We also have pressure from ourselves, family, and society to be something perhaps. We’re pushed to do something specific with our lives and time, and this can impact our sense of self. We use comparison with others, with ourselves, and with our thoughts about where we “should” be. Instead of being present for our experience, we fall into the habit of self-judgement, comparison, and constant distress.

Try to notice when you are creating a sense of identity for yourself. It’s not to judge it as bad or wrong, but just notice it. Does it feel useful? What purpose does it serve? Again, remember that the goal isn’t to judge, but to notice what is happening in your experience.

Dealing with the Unknown in Life

We will always have unknowns in life. The future is quite often a mystery. Part of life is dealing with unknowns. We can find ourselves experiencing an immense amount of suffering over trying to figure out the future. This can lead to anxiety, stress, and fear. We want to control things that are often uncontrollable.

The first thing to recognize here is that we do have some power over the future. Robert T. Kiyosaki said, “Your future is created by what you do today, not tomorrow.” This points toward the law of karma, or cause and effect. We do have the ability to take action today to affect the future we experience. Although we cannot control every variable, we can make choices today to push ourselves toward a place that feels wholesome. When I wanted to engage my mind more, I answered online ads for digital marketing until I was able to create a legitimate business.

We can also practice meditation and begin to notice our tendency to seek to control. A concentration practice can help us to collect the mind and learn to see the experience of resting in the unknown more clearly. Body scans can help us to cultivate the ability to see more clearly when we are experiencing some suffering in the mind and body. General mindfulness meditation can train the mind to be aware and caring when discomfort arises.

Facing the unknown is one of the greatest measures of my practice that I have experienced. To rest in the unknown with some equanimity takes practice, and I certainly am not always good at it. With continual practice, we can recognize there is an unknown in our life without letting it eat us away or control our behavior.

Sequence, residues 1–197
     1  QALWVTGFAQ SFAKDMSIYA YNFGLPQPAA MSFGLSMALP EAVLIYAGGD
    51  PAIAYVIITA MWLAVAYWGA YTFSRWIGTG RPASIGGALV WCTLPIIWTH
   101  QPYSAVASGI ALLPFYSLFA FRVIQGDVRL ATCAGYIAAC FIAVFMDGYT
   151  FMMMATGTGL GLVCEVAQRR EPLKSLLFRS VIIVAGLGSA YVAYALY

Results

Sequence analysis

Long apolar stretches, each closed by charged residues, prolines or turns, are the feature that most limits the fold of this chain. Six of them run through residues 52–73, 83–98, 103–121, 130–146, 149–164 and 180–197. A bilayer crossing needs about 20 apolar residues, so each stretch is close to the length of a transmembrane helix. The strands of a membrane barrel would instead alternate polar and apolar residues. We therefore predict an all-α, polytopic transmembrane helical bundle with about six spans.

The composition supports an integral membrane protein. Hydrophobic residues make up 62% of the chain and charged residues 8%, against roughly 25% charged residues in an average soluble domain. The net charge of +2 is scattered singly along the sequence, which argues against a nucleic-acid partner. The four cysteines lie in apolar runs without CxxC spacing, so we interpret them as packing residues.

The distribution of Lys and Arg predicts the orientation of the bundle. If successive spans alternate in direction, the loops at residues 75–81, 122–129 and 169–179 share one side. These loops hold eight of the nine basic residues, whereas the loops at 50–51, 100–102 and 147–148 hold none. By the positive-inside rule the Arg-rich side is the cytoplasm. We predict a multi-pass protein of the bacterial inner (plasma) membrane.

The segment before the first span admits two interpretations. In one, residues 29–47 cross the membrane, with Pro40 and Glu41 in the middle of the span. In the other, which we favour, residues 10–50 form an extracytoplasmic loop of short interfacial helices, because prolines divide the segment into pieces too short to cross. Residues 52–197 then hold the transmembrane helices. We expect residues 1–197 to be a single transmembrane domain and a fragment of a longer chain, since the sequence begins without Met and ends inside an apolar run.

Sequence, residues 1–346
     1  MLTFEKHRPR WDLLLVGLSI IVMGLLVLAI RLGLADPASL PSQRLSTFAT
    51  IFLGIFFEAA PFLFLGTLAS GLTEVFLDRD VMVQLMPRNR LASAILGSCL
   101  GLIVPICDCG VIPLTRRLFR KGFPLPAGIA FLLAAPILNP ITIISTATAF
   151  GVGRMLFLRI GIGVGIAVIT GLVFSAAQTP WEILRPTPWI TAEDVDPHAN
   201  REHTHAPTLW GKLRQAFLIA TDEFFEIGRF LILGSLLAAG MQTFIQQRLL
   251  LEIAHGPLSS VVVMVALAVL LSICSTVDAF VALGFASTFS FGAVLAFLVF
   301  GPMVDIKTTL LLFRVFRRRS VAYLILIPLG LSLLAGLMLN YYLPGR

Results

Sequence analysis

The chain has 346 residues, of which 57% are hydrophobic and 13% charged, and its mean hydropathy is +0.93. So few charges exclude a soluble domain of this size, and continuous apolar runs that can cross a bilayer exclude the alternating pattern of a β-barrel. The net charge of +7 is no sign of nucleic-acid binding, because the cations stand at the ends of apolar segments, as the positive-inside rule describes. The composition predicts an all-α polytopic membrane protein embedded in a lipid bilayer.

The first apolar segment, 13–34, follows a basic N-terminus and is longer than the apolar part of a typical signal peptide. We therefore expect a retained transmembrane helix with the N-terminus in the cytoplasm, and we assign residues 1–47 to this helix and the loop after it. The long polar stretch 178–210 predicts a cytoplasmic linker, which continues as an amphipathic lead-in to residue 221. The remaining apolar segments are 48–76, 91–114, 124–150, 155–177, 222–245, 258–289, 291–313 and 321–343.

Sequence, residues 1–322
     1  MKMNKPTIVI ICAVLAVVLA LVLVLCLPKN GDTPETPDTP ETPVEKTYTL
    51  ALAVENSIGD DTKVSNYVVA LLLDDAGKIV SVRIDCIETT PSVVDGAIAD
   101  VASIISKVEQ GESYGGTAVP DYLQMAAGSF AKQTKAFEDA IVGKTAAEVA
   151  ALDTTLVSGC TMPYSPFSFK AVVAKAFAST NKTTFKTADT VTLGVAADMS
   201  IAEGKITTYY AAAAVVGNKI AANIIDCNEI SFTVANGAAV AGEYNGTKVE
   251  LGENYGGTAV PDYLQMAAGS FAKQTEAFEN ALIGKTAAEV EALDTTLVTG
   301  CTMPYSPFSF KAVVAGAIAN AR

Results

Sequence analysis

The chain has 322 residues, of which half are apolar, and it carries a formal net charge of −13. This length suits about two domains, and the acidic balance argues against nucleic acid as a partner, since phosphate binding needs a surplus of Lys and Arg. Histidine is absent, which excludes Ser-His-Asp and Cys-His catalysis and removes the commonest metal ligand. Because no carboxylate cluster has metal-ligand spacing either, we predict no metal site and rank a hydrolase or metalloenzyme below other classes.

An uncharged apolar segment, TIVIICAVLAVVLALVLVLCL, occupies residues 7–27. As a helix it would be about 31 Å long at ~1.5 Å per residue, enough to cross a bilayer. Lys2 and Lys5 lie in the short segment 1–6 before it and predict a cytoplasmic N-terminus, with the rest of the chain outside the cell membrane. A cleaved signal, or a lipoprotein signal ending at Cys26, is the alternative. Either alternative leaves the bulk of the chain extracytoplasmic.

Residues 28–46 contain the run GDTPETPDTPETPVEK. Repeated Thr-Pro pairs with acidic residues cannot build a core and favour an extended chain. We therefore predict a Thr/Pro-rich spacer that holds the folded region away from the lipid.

Responding with Compassion

The truth is that this can be painful, and we don’t always have an answer. Sometimes we find ourselves working a job we don’t love, dating somebody we can’t see ourselves with forever, or living somewhere that doesn’t work well for us. These moments of realization offer fertile ground for realization and awakening. We can work on cultivating a heart and mind that respond with a gentle letting go.

We hold views about who we should be, what we should be experiencing, or even what will make us happy. When we believe these thoughts, we suffer. We hold onto ideas about ourselves and miss out on life when we hold too tightly. We get stuck on something and miss the moments of happiness and joy that arise. It’s quite unpleasant, and we often respond by judging ourselves.

Compassion meditation for ourselves can be incredibly helpful. We can work to respond with more care and kindness when we’re experiencing something unpleasant. As we cultivate compassion, we become less reactive and are able to see the situation with more clarity and wisdom. We can see that these are just thoughts. As uncomfortable as they may be, we don’t need to hook into each and every one. Instead, we can respond with a wise compassion for the discomfort we’re experiencing.

When it comes down to it, we don’t need to know the answer to what we’re going to do with the rest of our lives. We can have an idea of what we’d like for ourselves and an understanding of what brings us ease and joy, but we will never truly know what the future holds. Instead of worrying ourselves to death, we can work with this experience and learn to respond with some compassionate curiosity.